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Archive for the ‘Anonymity’ Category

By Alissa Del Riego* Edited by Miriam Weiler Editorial Policy The FTC’s new Guides Concerning the Use of Endorsements and Testimonials in Advertising (“the guidelines”), regulating blog postings that endorse products, take effect December 1, 2009. These guidelines represent the first time since 1980 that the FTC has updated its policies to adapt to new social media and the ever-growing presence of advertisement on the Internet. The guidelines seek to provide consumers with enough information to allow them to distinguish ... Read More...
Posted On Dec - 19 - 2009 Comments Off READ FULL POST
By Tyler Lacey Convicted Murderer Demands that Wikipedia Remove His Name from Victim’s Article On November 11, Wired reported that a convicted murderer in Germany has issued a cease-and-desist letter demanding that Wikipedia remove his name from his victim’s Wikipedia article. Wolfgang Werle murdered Bavarian actor Walter Sadlmayr in 1990, and was released on parole in 2007. The letter demands legal fees and compensation for “emotional suffering” caused by the publication of Werle’s name in connection with the murder since ... Read More...
Posted On Nov - 14 - 2009 Comments Off READ FULL POST
By Jyoti Uppuluri Nokia Sues Apple for Patent Infringement Related to iPhone On October 22, Nokia filed a suit against Apple in Delaware federal court, alleging that the iPhone infringes patents held by Nokia. The New York Times reports that the specific patents deal with the GSM and UMTS wireless standards utilized by the iPhone for voice and data communication, both of which were developed in part by Nokia. The Wall Street Journal notes that the suit might be a ... Read More...
Posted On Oct - 28 - 2009 Comments Off READ FULL POST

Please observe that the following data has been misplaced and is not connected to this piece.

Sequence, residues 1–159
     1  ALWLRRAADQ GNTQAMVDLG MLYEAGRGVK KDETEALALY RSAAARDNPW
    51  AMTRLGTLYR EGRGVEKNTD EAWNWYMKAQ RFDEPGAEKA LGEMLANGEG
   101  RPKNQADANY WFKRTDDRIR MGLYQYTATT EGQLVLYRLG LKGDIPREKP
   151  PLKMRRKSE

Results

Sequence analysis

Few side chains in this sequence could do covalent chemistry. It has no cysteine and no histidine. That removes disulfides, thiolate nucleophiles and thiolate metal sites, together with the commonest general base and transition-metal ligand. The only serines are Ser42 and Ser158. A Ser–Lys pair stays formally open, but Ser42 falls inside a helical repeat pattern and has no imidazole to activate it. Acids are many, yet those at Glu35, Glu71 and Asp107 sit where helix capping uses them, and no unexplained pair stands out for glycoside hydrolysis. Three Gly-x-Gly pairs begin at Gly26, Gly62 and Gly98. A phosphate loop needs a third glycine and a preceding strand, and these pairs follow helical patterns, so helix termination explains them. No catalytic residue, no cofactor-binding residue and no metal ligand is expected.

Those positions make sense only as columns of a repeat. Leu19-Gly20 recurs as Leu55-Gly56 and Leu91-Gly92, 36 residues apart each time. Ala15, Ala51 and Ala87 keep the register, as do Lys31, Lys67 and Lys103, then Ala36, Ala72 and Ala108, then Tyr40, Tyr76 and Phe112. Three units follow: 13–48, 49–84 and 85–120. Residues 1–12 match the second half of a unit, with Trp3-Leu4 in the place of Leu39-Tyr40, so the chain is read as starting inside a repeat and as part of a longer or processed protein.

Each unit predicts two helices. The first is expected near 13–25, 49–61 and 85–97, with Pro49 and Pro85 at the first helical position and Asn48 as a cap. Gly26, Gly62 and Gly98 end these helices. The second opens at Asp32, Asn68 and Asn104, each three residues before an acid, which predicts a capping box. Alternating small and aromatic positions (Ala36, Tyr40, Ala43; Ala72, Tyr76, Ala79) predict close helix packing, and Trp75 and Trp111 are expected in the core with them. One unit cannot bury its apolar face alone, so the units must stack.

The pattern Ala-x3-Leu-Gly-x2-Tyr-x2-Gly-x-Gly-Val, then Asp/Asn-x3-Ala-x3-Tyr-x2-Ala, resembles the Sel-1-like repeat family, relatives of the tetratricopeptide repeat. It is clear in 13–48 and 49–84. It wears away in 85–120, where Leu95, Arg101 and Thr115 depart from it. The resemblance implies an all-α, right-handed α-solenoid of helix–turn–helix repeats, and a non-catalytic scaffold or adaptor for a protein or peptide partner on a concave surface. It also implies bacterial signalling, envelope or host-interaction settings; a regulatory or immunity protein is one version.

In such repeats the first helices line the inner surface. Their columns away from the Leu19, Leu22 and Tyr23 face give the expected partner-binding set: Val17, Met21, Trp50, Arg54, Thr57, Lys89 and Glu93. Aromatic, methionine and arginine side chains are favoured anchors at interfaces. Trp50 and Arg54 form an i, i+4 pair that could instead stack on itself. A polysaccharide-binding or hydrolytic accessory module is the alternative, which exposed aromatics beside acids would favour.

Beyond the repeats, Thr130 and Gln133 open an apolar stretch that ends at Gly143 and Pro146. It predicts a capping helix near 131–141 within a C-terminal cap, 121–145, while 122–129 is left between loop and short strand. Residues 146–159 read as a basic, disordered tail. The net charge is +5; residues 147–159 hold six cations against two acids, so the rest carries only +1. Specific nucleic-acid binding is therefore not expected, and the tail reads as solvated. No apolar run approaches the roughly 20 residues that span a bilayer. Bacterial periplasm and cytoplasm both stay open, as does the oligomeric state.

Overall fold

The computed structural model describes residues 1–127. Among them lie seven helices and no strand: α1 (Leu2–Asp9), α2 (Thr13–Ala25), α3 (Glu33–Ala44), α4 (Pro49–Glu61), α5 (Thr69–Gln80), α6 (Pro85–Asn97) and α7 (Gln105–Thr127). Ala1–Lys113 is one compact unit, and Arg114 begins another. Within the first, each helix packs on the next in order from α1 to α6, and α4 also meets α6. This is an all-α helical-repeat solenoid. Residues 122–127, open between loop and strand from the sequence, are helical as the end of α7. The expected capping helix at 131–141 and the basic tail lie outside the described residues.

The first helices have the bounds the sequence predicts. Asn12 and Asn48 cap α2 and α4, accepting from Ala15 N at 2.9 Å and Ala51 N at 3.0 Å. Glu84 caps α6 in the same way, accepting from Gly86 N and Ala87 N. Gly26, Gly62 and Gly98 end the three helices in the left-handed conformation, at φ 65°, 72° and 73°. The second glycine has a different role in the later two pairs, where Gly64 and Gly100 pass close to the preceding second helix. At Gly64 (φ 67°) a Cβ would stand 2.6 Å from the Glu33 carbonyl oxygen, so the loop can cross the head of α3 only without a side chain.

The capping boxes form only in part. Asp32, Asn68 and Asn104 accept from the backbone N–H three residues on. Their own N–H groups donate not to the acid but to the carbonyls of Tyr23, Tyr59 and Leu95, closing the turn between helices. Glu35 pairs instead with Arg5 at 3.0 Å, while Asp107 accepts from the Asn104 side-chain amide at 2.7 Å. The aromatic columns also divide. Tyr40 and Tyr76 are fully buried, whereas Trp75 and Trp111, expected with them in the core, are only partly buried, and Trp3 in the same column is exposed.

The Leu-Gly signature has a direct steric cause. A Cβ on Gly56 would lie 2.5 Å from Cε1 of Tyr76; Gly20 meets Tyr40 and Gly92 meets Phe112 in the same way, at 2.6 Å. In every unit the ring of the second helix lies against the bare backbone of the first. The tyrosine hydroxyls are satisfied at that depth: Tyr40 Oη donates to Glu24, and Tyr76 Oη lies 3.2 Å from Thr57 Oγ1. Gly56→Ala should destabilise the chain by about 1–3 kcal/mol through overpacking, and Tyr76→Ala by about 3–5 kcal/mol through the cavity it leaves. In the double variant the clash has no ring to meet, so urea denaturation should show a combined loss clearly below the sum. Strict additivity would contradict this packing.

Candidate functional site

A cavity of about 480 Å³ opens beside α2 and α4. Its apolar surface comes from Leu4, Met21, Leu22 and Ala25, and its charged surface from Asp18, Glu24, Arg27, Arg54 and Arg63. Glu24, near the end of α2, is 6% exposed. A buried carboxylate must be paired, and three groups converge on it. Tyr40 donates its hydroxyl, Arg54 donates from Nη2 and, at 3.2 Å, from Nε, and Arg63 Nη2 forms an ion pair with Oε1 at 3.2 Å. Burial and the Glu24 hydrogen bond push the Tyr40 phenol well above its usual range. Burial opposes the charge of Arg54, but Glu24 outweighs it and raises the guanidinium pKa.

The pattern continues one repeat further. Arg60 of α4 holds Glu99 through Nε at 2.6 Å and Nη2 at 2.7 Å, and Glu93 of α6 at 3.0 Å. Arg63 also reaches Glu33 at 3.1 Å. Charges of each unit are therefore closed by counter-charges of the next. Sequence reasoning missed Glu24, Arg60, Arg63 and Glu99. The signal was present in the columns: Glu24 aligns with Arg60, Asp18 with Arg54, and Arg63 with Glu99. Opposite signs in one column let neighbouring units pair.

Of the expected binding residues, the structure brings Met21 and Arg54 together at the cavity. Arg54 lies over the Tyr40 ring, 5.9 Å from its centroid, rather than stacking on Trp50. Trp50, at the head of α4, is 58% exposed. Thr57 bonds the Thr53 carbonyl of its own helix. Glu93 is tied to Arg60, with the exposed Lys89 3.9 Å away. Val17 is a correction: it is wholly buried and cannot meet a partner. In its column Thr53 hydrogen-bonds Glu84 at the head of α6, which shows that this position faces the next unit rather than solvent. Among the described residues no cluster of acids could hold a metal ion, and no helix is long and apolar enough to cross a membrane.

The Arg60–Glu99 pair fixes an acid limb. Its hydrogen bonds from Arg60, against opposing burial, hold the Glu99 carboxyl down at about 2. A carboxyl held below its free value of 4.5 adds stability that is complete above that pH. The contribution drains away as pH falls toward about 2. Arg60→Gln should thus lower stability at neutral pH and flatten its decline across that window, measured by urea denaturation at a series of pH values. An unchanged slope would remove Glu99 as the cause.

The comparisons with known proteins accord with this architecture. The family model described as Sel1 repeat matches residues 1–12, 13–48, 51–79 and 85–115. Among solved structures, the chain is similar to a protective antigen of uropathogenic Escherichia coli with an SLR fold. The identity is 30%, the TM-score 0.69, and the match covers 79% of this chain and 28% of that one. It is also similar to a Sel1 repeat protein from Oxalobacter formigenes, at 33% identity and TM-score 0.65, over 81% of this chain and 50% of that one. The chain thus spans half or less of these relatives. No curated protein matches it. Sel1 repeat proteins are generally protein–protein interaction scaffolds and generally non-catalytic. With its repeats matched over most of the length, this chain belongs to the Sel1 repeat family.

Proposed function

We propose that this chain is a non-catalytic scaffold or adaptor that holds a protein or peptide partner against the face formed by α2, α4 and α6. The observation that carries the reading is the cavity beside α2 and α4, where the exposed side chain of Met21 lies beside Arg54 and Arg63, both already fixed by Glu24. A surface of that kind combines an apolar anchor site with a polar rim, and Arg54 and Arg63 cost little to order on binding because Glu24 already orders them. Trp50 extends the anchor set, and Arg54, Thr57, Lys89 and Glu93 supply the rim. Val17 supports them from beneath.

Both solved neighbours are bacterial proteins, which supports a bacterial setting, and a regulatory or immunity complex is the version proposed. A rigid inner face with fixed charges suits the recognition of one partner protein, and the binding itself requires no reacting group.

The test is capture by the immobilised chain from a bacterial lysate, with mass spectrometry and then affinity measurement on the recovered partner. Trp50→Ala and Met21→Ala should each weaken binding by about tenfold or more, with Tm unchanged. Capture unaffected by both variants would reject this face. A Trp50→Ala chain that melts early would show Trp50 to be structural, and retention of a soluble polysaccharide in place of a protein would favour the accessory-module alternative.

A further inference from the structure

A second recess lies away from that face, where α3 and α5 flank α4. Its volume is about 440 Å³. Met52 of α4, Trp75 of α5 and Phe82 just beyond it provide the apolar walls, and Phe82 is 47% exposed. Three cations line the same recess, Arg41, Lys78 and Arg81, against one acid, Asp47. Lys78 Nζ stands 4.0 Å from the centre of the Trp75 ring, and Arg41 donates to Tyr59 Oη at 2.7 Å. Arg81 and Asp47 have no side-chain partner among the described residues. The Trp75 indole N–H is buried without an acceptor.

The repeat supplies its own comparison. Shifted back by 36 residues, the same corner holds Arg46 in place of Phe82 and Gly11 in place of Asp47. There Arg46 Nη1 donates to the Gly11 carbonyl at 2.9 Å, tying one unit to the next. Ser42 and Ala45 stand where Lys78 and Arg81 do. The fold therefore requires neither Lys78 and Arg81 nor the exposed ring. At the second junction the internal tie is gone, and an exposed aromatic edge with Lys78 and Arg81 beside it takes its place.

By Andrew Jacobs Cyberattack on U.S. and South Korean Governments Stymies Investigators Law enforcement officials are still investigating the cyberattacks that hobbled some U.S. and South Korean government websites for five days beginning July 4, the New York Times reports. The distributed denial of service attack caused 50,000 to 65,000 infected computers to jam websites of government agencies such as the Federal Trade Commission and the Secret Service with an extraordinary amount of traffic. Although independent and government investigations have ... Read More...
Posted On Jul - 18 - 2009 Comments Off READ FULL POST
By Caity Ross British Web Tracking Tool Violates European Union Privacy Laws This Tuesday, the European Union issued a legal warning against Britain for not applying EU data privacy rules to Phorm, a new advertising technology that tracks the Web movements of internet users. BT, Britain’s largest service provider, used Phorm without its customers’ consent during 2006 and 2007. As reported in the New York Times, the European telecommunications commissioner stated that the “European privacy rules are crystal clear: a ... Read More...
Posted On Apr - 17 - 2009 Comments Off READ FULL POST
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